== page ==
The inquest into the death of Mrs. Mary Grant, of

The Spectator

Newport, who was killed in a charge of the 23rd Welsh Fusiliers during the Election riots, has terminated. It was proved that Colonel Bell had done his utmost to clear the...

Yesterday and on Friday week the leading Foreign Bonds left

The Spectator

off at the annexed quotations :— Dec.4. Dec. 11. Dec. 4. Dec. 11. Brazilian, 1865 78 78 Bosnian (Angto-Dutch) 9O 90 Egyptian, 1864 831 831 Spanish, 18417 331 821 Italian,...

Page 4


The Spectator

THE NEW GOVERNMENT. T HE new Government would be a perfectly satisfactory one, were it not for a certain dimly perceptible want of tone. Though not a Ministry of all the...

Page 5


The Spectator

W HETHER a sceptic as to the agency of political design in Ministerial appointments would be able to establish a posteriori, as Paley did concerning the relation of the wheels...

Page 6


The Spectator

M ESSRS. TRUBNER AND CO. have published this week a little book, or rather pamphlet, which should be carefully studied by every politician interested in Irish reform. It is a...

Page 7


The Spectator

THE CHURCH. O NE thing which is to us satisfactory the Elections have certainly proved, though the manner in which it has been proved is by no means satisfactory. The English...

Page 8


The Spectator

beaten yet, by any means. Mr. Disraeli's Reform Bill has hit them terribly hard in Scotland, where their direct power has been slowly whittled down to nothing ; in Wales, where...

Page 9


The Spectator

W E have no wish to exaggerate the importance of the experiment which has been for so many years under trial at Assington, in Suffolk, but we rather wonder that it has hitherto...

Page 10


The Spectator

T wo French subjects, at the opposite extremes of society, at the opposite extremes of culture, at the opposite extremes of what the world calls worth, have afforded us this...

Page 11


The Spectator

(TO THE EDITOR OF THE " EPECTAMOti.1 Sea,—Had the British Quarterly reviewer simply stated in his review what he has since stated in his letter to the Spectator, I should not...

Page 12


The Spectator

[TO THE EDITOR OF THE "SPECTATOR:1 Sin,—There is an illustrative fact in connection with the recent Election for Westminster that may not be unworthy of your attention. In the...


The Spectator

MR. BROWNING'S NEW POEM.* As Mr. Browning issues his new poem in instalments, we may - well suppose that he wishes it to be read, and studied, and con- ceived in instalments ;...

Page 14


The Spectator

Mn. GILBERT does not fall off. To write the autobiography of a country doctor, an ordinary country doctor, without any thread of incident—in his own career at least—more...

Page 15


The Spectator

think that this book was a genuine record of the experience of a genuine author, we should treat it as a work of the very greatest importance. We cannot say that even then it...

Page 16

LITTLE ..TEHAiV DE SAINTRE.* THE history of Little Jehan de

The Spectator

Saintre is a French romance of the fifteenth century. Written in the last century of the middle ages, it tells the story of its own epoch even better than the personal narrative...

Page 17

Dora. By Julia Kavanagh. 3 vols. (Hurst and Blackott.)—It does

The Spectator

not often happen that the first volume of a novel is the one which could be most easily spared. So it is, however, with Dora. Miss Kavanagh, it seems, must needs have a plot....


The Spectator

St. Cyril of Alexandria on the Minor Prophets. Edited by P. E. Pusoy, A.M. 2 vols. (The Clarendon Press.)—We cannot pretend to discuss the merits of St. Cyril as a commentator,...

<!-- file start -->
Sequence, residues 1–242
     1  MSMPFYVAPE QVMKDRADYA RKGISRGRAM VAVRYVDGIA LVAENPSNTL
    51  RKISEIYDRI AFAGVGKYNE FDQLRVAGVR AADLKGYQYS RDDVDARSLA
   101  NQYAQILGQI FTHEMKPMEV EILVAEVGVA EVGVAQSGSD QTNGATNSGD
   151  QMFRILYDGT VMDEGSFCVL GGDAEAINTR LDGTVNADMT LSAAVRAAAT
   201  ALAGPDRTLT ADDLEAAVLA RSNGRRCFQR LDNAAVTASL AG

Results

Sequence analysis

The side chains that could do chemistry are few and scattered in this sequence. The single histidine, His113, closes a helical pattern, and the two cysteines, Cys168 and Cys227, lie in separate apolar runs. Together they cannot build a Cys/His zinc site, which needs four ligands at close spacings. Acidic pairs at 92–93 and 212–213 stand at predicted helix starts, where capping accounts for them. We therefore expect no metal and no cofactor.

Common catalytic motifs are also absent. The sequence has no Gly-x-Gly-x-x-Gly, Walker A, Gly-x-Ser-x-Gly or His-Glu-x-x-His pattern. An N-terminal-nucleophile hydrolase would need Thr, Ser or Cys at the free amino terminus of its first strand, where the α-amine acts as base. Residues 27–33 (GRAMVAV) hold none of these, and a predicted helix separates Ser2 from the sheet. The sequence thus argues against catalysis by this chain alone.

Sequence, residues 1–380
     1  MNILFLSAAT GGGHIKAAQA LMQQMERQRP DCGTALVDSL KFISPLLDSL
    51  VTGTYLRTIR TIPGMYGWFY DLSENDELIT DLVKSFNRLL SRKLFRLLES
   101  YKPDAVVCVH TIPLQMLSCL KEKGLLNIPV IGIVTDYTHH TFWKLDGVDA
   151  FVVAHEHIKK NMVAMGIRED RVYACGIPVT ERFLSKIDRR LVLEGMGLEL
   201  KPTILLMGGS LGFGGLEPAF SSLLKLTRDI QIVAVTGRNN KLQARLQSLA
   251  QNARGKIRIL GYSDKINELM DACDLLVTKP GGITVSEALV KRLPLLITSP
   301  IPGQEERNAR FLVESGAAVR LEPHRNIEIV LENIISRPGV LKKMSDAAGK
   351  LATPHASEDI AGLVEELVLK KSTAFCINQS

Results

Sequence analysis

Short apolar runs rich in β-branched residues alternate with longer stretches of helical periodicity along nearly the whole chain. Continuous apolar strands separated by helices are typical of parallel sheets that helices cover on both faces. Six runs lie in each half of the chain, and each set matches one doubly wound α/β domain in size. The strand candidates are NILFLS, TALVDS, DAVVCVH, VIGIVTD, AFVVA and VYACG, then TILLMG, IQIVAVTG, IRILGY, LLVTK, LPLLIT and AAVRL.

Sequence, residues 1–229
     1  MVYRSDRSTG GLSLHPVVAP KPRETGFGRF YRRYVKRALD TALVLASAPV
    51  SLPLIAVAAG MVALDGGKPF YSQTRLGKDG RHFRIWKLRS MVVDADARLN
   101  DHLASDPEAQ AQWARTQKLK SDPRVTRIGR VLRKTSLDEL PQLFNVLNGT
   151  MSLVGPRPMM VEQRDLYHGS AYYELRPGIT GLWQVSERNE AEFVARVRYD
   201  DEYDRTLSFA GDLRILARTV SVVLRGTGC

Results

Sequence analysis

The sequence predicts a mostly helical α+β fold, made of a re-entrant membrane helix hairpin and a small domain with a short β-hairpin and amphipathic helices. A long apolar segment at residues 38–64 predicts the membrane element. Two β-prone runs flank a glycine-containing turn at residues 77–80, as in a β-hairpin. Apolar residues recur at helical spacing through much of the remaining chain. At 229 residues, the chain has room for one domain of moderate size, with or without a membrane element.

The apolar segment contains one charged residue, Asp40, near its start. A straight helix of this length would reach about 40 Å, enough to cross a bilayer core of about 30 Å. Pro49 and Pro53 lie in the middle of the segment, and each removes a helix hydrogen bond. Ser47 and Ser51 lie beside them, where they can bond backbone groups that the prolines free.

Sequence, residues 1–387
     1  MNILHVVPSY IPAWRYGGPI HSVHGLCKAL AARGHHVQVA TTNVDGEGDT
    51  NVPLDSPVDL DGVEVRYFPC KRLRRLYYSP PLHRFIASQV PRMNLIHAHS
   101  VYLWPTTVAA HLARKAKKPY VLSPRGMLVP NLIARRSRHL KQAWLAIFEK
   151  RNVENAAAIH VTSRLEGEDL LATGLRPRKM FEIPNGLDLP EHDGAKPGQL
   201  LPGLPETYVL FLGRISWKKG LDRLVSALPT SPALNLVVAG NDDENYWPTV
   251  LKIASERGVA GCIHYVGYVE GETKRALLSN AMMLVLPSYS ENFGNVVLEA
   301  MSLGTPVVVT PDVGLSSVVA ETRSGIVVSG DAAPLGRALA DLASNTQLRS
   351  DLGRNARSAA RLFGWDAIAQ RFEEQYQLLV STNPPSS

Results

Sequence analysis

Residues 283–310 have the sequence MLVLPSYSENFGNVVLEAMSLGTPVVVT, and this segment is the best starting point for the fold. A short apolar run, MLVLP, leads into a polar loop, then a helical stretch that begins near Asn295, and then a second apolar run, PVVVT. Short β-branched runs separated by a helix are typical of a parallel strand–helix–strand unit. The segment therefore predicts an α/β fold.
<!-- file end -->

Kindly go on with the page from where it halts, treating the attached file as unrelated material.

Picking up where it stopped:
Page 18

Near the Cloisters. By Dr. Henry Stebbing, F.R.S. 2 vols.

The Spectator

(Skeet.) —Perhaps the most remarkable thing about this novel is that there is positively not a villain in it. More than once we seem likely to have one. Buchweiss, the...

CIULDEEN'S Booxs.—What is an " annual "? We had supposed

The Spectator

the name to signify a yearly publication. Such were the annuals which flourished in such abundance some thirty or forty years ago. But it seems that the signification of the...

The Search for the Gral. By Julia Goddard. (Cassell, Potter,

The Spectator

and Galpin.)—A pretty story, which we may safely pronounce to be better than many that present themselves in a more ambitious form. An enthusiastic girl neglects the substantial...

With the Tide. By Sidney Daryl. (Hodder and Stoughton.)—If this

The Spectator

is the sort of tale which boys really like, there is little more to be said ; but it is certainly very strongly flavoured. We part with the hero when he is about ten years of...

Merry Tales for Little Folk. Edited by Madtime de Chatelain.

The Spectator

(Lockwood and Co.)—Why, here are all our old friends, beginning with "The House that Jack Built," and going on to some of the beet of Hans Andersen's and Madame d'Aulnoy's...

A Light on the Historians and on the History of

The Spectator

Crowland Abbey. By Henry Seale English. (J. R. Smith.)—It is difficult to road with patience or judge with equanimity a book which irritates one with perpetually recurring...

We have received a new edition of Sir David Brewster's

The Spectator

Letters on Natural Magic (Tegg) ; to this edition Mr. J. A. Smith has prefixed some chapters on "The Being and Faculties of Man," and added a supplement describing some...

Italy and her Capital. By E. S. G. S. (Freeman.)—E.

The Spectator

S. G. S. travelled in Garibaldian costume (does she mean the " rod shirt 1) and consequently, as she tells us, her journey through the north of Italy " was a sort of triumphal...

Sunbeam Stories. By tho Author of A Trap to Catch

The Spectator

a Sunbeam. (Lockwood and Co.)—The first of the stories in this book is very pretty, and may be commended alike to young and old. Of the second we cannot speak highly, and would...